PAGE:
Clinical Manifestations, Diagnosis and Management of Mastocytosis

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Step Status
Video/Document(s)
Posttest
Evaluation
Starts On: 10/4/2019: 12:00 AM
Ends On: 6/30/2020: 12:00 AM
Session Type: Internet Activity Enduring Material
Credits: 0.75
Description:

Faculty

Christopher J. Rigell, MD
Instructor, Medicine
Division of Allergy and Immunology
Disclosures
Financial Relationships: No financial relationships to disclose.

Presenters should indicate if speaking off label. This activity originated as a presentation at the CME activity, Clinical Allergy for the Practicing Physician, August 9-10, 2019, which was supported in part by CSL Behring, Genentech, Mylan Inc., Lincoln Diagnostics Inc., and Stallergenes-Greer.

Planning Committee

Tiffany Dy, MD, Assistant Professor of Medicine (Course Chair)
Financial Relationships: Speaker has nothing to disclose.

Eli N. Deal, PharmD, FCCP, BCPS (Pharmacist Planner)
Financial Relationships: Speaker has nothing to disclose.

Kaci B. Hale, FNP, BCPS (Nurse Planner)
Financial Relationships: Speaker has nothing to disclose.

Andrew L. Kau, MD, PhD, Assistant Professor of Medicine (Course Co-Chair)
Financial Relationships: Ownership Investment: Gilead Scineces, Viosera Therapeutics

Jennifer Monroy, MD, Assistant Professor of Medicine (Course Co-Chair)
Financial Relationships: Speaker has nothing to disclose.

Jeffrey R. Stokes, MD Professor of Pediatrics (Course Co-Chair)
Financial Relationships: Speaker has nothing to disclose.

Objectives: The intended result of this activity is increased knowledge/competence, and upon completion of this course, participants should be able to:
  • Compare mast cell activation versus mast cell activation syndrome
  • Explain the difference in primary, secondary, and idiopathic mast cell activation syndrome
  • Explain the relationship between stinging insect allergy and mast cell disorders
  • Assess when patients should undergo a bone marrow biopsy
  • Develop a management plan and identify when to refer
Additional Information:
Target Audience: This course is designed for allergists, immunologists, pulmonologists, primary care and family practice physicians, otolaryngologists, pediatricians, internists, dermatologists, nurse practitioners, nurses, physician assistants and all healthcare professionals who care for patients with allergic and immunologic illnesses.

Publication Date: October 4, 2019
Expiration Date: June 30, 2020
Accreditation Information:
wustlcme
In support of improving patient care, Washington University School of Medicine in St. Louis is jointly accredited by the Accreditation Council for Continuing Medical Education (ACCME), the Accreditation Council for Pharmacy Education (ACPE), and the American Nurses Credentialing Center (ANCC), to provide continuing education for the healthcare team.

Credit Awarded for this Activity:
Credit Statement:
American Medical Association (AMA Credit)
Washington University School of Medicine in St. Louis designates this enduring material for a maximum of .75 AMA PRA Category 1 Credit™. Physicians should claim only the credit commensurate with the extent of their participation in the activity.
References:
  • Castells M, Butterfield JB. Mast Cell Activation Syndrome and Mastocytosis: Initial Treatment Options and Long-Term Management. J Allergy Clin Immunol Pract 2019;7:1097-106.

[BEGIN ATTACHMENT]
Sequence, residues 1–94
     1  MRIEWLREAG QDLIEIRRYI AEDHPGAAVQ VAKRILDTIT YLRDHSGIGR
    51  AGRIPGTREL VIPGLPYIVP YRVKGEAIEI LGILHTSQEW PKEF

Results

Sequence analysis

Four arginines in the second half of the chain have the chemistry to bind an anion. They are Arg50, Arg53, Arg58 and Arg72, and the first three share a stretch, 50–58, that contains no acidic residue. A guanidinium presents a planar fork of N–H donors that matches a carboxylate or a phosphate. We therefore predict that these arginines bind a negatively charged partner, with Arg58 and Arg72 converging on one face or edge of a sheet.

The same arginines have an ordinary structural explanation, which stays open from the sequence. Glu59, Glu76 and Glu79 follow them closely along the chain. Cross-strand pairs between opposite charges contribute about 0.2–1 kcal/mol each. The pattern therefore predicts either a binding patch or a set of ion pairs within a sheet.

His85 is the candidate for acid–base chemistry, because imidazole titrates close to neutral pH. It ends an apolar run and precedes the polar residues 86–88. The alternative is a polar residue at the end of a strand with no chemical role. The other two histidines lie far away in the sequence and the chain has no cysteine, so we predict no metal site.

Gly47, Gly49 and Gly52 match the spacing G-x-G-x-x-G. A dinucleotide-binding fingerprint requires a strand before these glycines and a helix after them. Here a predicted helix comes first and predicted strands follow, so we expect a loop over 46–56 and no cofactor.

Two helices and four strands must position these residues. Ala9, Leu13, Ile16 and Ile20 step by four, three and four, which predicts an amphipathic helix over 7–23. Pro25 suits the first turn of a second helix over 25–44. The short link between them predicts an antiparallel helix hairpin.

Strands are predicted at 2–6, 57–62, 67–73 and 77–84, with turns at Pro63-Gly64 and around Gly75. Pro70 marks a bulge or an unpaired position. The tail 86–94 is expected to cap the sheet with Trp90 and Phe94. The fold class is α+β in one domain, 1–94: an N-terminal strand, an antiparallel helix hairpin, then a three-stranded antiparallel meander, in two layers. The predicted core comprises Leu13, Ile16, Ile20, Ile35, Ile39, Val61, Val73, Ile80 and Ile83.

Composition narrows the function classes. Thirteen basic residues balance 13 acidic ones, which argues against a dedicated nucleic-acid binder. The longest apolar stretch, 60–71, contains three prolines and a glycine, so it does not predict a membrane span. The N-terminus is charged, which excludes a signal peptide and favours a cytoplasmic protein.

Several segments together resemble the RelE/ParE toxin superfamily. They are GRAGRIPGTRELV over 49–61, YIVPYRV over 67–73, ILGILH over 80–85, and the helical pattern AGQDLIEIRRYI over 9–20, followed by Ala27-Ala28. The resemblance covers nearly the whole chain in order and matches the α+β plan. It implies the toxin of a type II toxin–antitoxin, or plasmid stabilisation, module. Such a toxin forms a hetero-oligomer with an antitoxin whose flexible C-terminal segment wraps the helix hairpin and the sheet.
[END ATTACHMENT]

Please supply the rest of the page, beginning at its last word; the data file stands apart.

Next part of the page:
• Bonamichi-Santos R, et al. Association of Postural Tachycardia Snydomre and Ehlers-Danlos Snydrome with Mast Cell Activation Disorders. Immunol Allergy Clin N Am 2018;38:497-504.
  • Valent P, Akin C. Doctor, I Think I Am Suffering from MCAS: Differential Diagnosis and Separating Facts from Fiction. J. Allergy Clin Immunol Pract 2019;7:1109-14.
  • Golden DB, Carter MC. Insect Sting Anaphylaxis or Mastocyotis or Something Else? J Allergy Clin Immunol Pract 2019;7:1117-23.
  • Valent P et al. Proposed Diagnostic Algorithm for Patients with Suspected Mast Cell Activation Syndrome. J. Allergy Clin Immunol Pract 2019;7:1125-33.
Disclosure Information: It is the policy of Washington University School of Medicine in St. Louis, Continuing Medical Education, to ensure balance, independence, objectivity and scientific rigor in all its educational activities. All planners, faculty and other persons who may influence content of this CME activity have disclosed all relevant financial relationships with commercial interests. All disclosures have been reported and are indicated with their presentations. Any potential conflicts were addressed and resolved.

Presenters are also expected to openly disclose inclusion of discussion of any off-label, experimental, or investigational use of drugs or devices in their presentations.

Presentations are expected to be based on evidence that is accepted within the profession of medicine as adequate justification for their indication in the care of patients. All scientific research should conform to the generally accepted standards of experimental design, data collection and analysis. These presentations are not an endorsement of any commercial interests.

These presentations are the views and experiences of the presenters. The presenters' views do not represent the policy or position of Washington University School of Medicine in St. Louis. Washington University School of Medicine in St. Louis, Continuing Medical Education, is the provider for CME credits.
Categories: Allergy


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